Dame Sally Davies talks to Brian Cox about her interest in antibiotic resistance and admiration of Alexander Fleming and Howard Florey for their development of penicillin.
2018 • Science
David Spiegelhalter discusses how the work of amateur mathematician Thomas Bayes and statistician Ronald Fisher helped to shape the current thinking of probability.
2018 • Science
First in a three-part documentary series offering an insight into the dramatic forces that shape life on Earth, using speeded-up footage that compresses centuries into seconds. The programme follows the movement of mountains, rivers, glaciers and the sea, and offers a glimpse of what the future might hold, revealing how the Great Rift Valley may well be on its way to becoming the next ocean.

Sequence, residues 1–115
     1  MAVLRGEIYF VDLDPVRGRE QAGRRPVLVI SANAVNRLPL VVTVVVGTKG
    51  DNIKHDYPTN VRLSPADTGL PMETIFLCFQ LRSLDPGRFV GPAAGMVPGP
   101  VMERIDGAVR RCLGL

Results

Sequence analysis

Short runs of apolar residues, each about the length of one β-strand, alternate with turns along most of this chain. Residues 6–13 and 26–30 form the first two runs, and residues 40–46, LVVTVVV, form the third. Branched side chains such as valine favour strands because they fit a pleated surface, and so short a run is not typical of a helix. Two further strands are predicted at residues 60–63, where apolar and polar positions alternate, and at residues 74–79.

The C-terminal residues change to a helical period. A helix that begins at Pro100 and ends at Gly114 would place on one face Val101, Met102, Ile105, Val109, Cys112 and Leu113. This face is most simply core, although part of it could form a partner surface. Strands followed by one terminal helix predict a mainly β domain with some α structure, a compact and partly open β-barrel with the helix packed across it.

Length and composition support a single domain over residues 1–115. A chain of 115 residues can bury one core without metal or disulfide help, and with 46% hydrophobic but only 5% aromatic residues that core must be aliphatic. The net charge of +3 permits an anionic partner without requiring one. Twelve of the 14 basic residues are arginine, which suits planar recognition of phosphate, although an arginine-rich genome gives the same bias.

Physicist Dr Helen Czerski takes us on an amazing journey into the science of bubbles. Bubbles may seem to be just fun toys, but they are also powerful tools that push back the boundaries of science. The soap bubble with its delicate, fragile skin tells us about how nature works on scales as large as solar system and as small as a single wavelength of light. Then there are underwater bubbles, which matter because they are part of the how the planet works. Out at sea, breaking waves generate huge plumes of bubbles which help the oceans breathe. From the way animals behave to the way drinks taste, Dr Czerski shows how bubbles affect our world in all sorts of unexpected ways. Whether it's the future of ship design or innovative new forms of medical treatment, bubbles play a vital role.
2013 • Science
Did you know that bananas are berries, but strawberries aren’t? A lot of thought goes into classifying fruits and vegetables, and it all has to do with anatomy.